15Taxable and Tax-deferred Corporate Acquisitions Motivation for Business AcquisitionsDecision to acquire an existing business can be motivated by many factorsDesire to diversifyAcquire a source of raw materials (vertical integration)Expand into new product or geographic marketsAcquire specific assets or technologiesProviding improved distribution channels
16Taxable and Tax-deferred Corporate Acquisitions Buyer can purchase either stock or assets in a transaction that is either taxable or tax-deferred to the sellerAllows the acquiring corporation to step-up the tax basis of the assets acquired to fair valueStock acquisitions and tax-deferred asset acquisitionsTax basis of the target corporation’s assets remain at their carryover basis (generally, cost less any depreciation)
17Computing the tax consequences to the parties from a Corporate Acquisition Taxable AcquisitionsCash purchases of stock are the most common form of acquisition of publicly held corporationsUsing cash to acquire another company has several nontax advantagesAcquiring corporation does not “acquire” the target corporation’s shareholders in the transactionDoes not increase the denominator in its calculation of earnings per shareIf one company acquires another company through a stock acquisition for cash, then acquired company retains its tax and legal identity unless acquiring company liquidates acquired company into itself or merges it into an existing subsidiary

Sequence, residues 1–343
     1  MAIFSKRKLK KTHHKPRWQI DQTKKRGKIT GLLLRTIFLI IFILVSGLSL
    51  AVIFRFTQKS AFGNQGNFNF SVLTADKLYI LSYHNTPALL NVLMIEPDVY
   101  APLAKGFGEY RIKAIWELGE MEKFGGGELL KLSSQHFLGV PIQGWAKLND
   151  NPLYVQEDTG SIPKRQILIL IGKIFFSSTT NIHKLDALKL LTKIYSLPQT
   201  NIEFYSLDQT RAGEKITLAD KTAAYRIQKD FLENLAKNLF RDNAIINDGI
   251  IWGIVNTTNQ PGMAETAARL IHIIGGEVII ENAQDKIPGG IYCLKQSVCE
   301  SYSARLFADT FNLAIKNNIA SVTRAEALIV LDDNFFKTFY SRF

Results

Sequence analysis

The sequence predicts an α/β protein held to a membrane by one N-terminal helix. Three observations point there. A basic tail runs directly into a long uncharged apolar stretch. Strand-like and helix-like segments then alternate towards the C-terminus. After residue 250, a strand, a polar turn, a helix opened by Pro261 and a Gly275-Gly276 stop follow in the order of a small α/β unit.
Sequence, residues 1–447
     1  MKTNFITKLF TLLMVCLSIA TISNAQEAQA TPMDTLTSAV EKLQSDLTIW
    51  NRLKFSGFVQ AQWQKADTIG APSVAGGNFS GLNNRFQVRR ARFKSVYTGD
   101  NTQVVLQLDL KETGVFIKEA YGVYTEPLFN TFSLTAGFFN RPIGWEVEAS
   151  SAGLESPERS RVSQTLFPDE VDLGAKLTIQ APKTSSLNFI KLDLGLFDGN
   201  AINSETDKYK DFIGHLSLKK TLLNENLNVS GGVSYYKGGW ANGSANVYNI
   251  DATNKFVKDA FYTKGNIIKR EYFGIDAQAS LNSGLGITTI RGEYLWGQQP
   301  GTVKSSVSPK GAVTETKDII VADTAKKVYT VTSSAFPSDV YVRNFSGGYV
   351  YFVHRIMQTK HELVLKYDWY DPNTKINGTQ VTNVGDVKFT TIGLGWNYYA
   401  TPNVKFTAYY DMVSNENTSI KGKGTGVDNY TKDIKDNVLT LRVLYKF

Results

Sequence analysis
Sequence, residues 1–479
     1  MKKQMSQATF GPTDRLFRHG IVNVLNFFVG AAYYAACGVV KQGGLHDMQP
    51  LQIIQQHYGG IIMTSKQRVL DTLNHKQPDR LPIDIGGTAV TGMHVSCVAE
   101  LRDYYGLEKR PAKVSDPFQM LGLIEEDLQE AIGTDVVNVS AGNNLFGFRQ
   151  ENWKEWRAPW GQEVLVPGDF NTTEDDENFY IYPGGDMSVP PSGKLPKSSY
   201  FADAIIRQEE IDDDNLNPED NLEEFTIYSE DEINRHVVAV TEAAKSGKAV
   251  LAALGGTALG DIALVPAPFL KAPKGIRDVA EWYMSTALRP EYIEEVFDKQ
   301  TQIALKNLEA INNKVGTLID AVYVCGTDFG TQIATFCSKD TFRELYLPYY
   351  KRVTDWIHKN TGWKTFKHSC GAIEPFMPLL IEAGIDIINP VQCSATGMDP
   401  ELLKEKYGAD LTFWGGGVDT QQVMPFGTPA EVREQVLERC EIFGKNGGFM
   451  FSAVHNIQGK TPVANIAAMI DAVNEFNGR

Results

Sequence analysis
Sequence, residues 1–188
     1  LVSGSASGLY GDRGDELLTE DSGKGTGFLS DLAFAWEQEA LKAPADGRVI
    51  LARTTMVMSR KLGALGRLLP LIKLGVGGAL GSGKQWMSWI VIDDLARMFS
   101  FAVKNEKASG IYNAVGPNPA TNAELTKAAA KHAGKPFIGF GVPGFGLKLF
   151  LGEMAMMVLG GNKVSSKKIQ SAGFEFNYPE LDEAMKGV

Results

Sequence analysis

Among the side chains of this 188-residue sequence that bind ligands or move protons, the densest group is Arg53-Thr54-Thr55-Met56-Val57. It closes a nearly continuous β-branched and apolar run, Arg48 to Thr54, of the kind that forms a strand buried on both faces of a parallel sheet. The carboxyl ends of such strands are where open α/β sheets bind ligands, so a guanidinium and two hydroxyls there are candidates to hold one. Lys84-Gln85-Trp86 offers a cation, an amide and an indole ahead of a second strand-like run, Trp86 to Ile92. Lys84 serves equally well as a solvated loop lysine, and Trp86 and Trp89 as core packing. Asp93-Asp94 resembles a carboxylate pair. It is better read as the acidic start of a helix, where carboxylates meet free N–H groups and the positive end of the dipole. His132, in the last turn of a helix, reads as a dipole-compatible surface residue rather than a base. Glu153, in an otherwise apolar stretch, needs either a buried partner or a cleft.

18Computing the tax consequences to the parties from a Corporate Acquisition Tax-Deferred AcquisitionsTax law allowsTaxpayers to organize a corporation in a tax-deferred manner under §351Taxpayers to reorganize their corporate structure in a tax deferred mannerFor tax purposes, reorganizations encompassAcquisitions and dispositions of corporate assets (including subsidiaries stock)Corporation’s restructuring of its capital structurePlace of incorporationCompany name